Andreas Andersson is a professional fly tyer from Sweden, he's part of the Partridge of Redditch and DeerCreek pro teams. Here's more about him and his flies.

Fd: How did you first get into fly fishing and tying?

Andreas: Well, fishing in general has been an important part of my life since a young age, I grew up on the Swedish countryside close to a lake, in a family that loves the outdoors. My first contact with fly fishing and tying in particular was at a local fishing club that let youth try it for free. I was somewhere around age twelve and the first flies I ever tied were actually salmon flies.

Fd: Is there a reason why you specialized on deer hair flies and streamers? What were you fishing for those days?

Andreas: Yes, of course, mostly because I really like fishing for predators. Even though I like to carefully place a dry fly in front of sipping graylings, I love the heart race of a pike exploding on fly... a little bit of an adrenaline rush. That's the fishing part of why.

From a fly tyer’s perspective, it’s definitely the challenge, tying really good deer hair flies is not the easiest style of fly tying. I learned that quickly, and definitely still consider myself to be in practice. But it’s also a very free and creative style that I enjoy doing.
I was mostly chasing northern pike as well as brown trout at the time.

Fd: What are your main influences when creating patterns? 

Andreas: You could say that my main influence is the targeted fish, either what they normally eat or what causes them to make reaction/aggression strikes. If I’m tying flies for someone else, I will usually talk a lot with them about what normally works as well as doing my own research online for every order.  It’s so much fun trying to "crack the code" on making effective flies for fish on the other side of world. So basically I’m trying to tie something that looks like prey or an attractor..or im doing a mix of both.

Another influence for sure is other fly tyers, I might combine an American style deer hair diver head with a Scandinavian style piketube tail when making a fly that's meant to be fished in Australia.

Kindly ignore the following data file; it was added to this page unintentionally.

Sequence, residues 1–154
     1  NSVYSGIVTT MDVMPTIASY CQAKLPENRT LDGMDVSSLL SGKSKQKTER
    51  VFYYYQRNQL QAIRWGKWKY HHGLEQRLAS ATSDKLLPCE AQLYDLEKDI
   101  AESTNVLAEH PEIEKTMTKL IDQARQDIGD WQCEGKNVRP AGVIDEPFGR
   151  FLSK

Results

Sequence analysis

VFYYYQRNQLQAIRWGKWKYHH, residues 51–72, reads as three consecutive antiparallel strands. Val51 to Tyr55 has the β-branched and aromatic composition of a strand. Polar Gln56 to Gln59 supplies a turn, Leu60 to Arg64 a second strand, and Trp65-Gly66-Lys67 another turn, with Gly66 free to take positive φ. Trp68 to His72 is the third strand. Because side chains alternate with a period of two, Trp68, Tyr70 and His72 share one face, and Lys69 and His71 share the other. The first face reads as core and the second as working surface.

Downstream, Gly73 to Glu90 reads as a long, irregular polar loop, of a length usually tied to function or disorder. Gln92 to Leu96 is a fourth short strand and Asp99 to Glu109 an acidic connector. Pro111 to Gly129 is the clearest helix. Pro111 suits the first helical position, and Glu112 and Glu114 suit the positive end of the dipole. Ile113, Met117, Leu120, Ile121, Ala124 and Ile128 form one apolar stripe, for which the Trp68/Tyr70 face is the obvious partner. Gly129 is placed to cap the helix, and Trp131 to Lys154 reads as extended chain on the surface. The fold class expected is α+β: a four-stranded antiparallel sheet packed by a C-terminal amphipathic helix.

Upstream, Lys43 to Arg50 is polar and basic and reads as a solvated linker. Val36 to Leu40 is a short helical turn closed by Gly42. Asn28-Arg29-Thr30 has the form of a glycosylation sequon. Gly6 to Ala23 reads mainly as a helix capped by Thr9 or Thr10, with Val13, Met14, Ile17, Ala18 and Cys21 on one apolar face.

Fd: What tips can you give to the tiers that want to work deer hair like you do?

Andreas: Ohh a lot, first and most important TAKE YOUR TIME.

  • Strong thread is a must, I use 200denier gelspun for my bigger bugs.
  • Get good hair, I use deer belly hair and look for the longest, thickest hair I can find. Thick because it’s better for making tighter packed flies, that's durable and look better; long because you only get half of the length of the hairs when the thread flares it.
  • A good hairpacker will help to, I use one called the Fugley packer to get tighter bugs.
  • Double edge razorblades will give a lot cleaner looking cut than scissors ever will.
Those are only a few tips, but I could go on for hours... Practice, take your time and make ‘em tight.

Fd: Which are the aspects that you consider to be fundamental for these streamers to be effective?

Andreas: Again, making the fly look and/or move like prey or causing a reaction strike by aggression are usually the keys I’m looking for. Also having a specific plan of what you want the fly to do, you can make a fly hover, jig, dive, pop or slide sideways by changing just one or two things in the tying process. I try to be very specific about such things. Even though I consider color choices carefully, I believe movement and profile to be the two most important aspects of making effective predator flies.

One other thing I consider important is how the fly casts, nowadays I have gotten pretty good at making a fly look big when needed without being heavy and horrible to cast. It’s no fun leaving the water with a sore shoulder after fishing 10 inch bunnyfur for a day, in my point of view. 

Fd: What other type of flies do you enjoy tying?

Andreas: My first thought is, a lot… I enjoy trying and learning new techniques and styles, it’s a fun challenge. I believe you can do anything with good thread control and practice, I haven't tried a lot of classic salmon flies though so I might be wrong.

My favourite flies to tie besides predator flies are classic American style dry flies, especially hairwings like Wulffs, Stimulators, Trude's, Humpy's and such. It’s a good break from what I normally do and it suits my small stream trout fishing very well.

Fd: What are your thoughts on the future of fly tying and the new kinds of materials?

Andreas: Well, one of the things I've noted is that a lot of the newer materials have really made fly tying easier than before… or at least faster.

Take hackle for example, you used to be obliged to put multiple feathers on a hook to get a decent hackle on a dry fly. That was because the "sweetspot" on the feather was so short, nowadays with the modern genetic hackles you can instead get multiple flies from one feather.
Another thing that is relatively new to me is UV cured resin. I use DeerCreek resins and comparing it to the epoxy type glues I used to work with, it’s now so much easier and faster. And a lot less of a mess too, since I don’t have to mix anything, no yellowing, no waste; and it cures bonedry in a couple of seconds under a UV torch. I use that a lot for bellys on deerhair flies and to protect eyes and heads on streamers.

As for the tying itself, I think there's a lot of fly tyers doing a lot of cool and inventive stuff around the world. And every now and then someone comes up with an idea that sticks, what I mean is: classics are usually classics for a reason.